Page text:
Neuroscience, Self, and Identity
What do we mean when we refer to self? Is self distinct from identity? The constructs of self and identity have been understood and discussed historically in diverse ways. Neuroscience research is now supporting that they are indeed distinct constructs.
Neuro-imaging research is consistent with self as reflecting right hemisphere, reflexive, nonlinguistic experience. In contrast, identity involves left hemisphere, reflective, linguistically-mediated experience.
Self and identity have distinct functions as well as developmental significance. Self refers to how we experience the moment, from the perspective of “I”. Feeling the exhilaration of reaching a mountain top, for example, would be engaging the self. Identity reflects our experiences from the observer, or “me”, perspective. Thinking of oneself as an adventurer would be an example of identity.
Very young children are more likely than adults to be in touch with the self. Clashes between self and identity are often particularly evident during adolescence–a stage of enormous neurological growth and changes. As noted by Erikson and many other theorists, adolescence may be a time of turmoil as a life-long identity is forged.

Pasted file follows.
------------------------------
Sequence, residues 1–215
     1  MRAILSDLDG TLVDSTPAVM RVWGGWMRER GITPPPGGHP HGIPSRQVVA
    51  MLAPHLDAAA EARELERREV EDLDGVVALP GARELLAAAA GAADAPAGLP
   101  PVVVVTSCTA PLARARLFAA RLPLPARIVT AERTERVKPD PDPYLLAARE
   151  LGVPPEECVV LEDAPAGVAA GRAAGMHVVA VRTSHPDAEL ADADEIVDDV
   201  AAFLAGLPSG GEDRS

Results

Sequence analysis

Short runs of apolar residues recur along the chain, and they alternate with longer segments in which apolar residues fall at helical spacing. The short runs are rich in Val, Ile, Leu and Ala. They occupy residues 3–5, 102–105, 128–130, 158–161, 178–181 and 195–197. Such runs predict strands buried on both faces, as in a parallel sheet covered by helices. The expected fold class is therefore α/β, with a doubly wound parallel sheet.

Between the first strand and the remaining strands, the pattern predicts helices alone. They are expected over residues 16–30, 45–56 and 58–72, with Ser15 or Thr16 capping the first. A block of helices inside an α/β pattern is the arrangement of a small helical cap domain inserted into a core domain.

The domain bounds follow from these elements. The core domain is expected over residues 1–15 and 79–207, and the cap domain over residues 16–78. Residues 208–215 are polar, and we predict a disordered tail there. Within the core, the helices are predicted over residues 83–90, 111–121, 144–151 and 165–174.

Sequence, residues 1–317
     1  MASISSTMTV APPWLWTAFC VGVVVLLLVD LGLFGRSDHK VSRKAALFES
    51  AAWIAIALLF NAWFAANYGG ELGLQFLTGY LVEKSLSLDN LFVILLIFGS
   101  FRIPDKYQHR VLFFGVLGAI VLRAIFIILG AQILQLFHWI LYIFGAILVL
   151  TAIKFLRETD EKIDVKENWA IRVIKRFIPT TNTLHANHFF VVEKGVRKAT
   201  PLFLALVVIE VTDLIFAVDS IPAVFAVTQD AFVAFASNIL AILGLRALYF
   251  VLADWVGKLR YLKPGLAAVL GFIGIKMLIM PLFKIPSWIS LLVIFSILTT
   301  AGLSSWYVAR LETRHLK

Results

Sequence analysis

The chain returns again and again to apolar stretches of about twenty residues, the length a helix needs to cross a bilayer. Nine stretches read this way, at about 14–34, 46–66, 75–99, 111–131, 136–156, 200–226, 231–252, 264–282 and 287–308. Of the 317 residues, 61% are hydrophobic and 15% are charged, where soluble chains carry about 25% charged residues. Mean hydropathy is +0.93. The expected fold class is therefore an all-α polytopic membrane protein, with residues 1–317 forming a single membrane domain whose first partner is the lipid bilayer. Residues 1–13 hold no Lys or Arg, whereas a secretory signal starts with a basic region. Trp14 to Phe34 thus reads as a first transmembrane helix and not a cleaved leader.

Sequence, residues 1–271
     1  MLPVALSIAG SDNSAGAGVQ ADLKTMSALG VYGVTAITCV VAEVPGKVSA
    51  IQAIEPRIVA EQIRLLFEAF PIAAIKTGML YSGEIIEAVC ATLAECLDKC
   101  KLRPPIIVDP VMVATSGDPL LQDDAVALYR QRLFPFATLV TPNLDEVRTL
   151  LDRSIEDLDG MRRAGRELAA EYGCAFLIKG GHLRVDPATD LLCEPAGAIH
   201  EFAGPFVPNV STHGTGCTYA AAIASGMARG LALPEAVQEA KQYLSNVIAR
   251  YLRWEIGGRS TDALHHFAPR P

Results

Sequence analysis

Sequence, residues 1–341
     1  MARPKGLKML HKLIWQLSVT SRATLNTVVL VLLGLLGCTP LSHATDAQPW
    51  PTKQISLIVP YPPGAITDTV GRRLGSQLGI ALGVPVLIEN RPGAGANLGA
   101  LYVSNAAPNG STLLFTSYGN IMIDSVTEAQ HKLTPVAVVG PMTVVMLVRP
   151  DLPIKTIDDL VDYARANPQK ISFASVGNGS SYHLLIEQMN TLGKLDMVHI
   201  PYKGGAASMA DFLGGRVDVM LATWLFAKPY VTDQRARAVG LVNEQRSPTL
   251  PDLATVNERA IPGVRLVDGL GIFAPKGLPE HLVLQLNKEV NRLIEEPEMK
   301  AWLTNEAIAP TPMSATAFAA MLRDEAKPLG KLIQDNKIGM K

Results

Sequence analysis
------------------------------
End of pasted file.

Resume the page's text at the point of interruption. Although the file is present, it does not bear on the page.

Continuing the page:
Understanding the differences between self and identity can be helpful clinically. To read more, view the fascinating article, “Reconsidering Self and Identity Through a Dialogue Between Neuroscience and Psychoanalytic Theory,” published in Psychoanalytic Dialogues, 24(2), 247-251, as well as the commentary with discussion, Gerson, M. J. (2014). “A meta-commentary: Response to the commentaries of Marks-Tarlow and Solow Glennon.” Dr. Gerson discusses the empirical study of consciousness in terms of contemporary psychoanalytic concepts and argues for interdisciplinary research in which neuroscience and psychoanalysis may engage in a mutually informing dialogue. Please contact him at firstname.lastname@example.org to receive a free personal copy of the article.